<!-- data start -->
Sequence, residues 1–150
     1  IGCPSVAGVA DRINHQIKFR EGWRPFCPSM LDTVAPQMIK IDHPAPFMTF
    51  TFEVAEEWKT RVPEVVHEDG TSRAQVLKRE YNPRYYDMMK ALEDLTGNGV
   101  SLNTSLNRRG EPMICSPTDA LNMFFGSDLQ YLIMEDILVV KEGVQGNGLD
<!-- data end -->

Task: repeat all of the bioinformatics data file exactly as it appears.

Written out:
Sequence, residues 1–150
     1  IGCPSVAGVA DRINHQIKFR EGWRPFCPSM LDTVAPQMIK IDHPAPFMTF
    51  TFEVAEEWKT RVPEVVHEDG TSRAQVLKRE YNPRYYDMMK ALEDLTGNGV
   101  SLNTSLNRRG EPMICSPTDA LNMFFGSDLQ YLIMEDILVV KEGVQGNGLD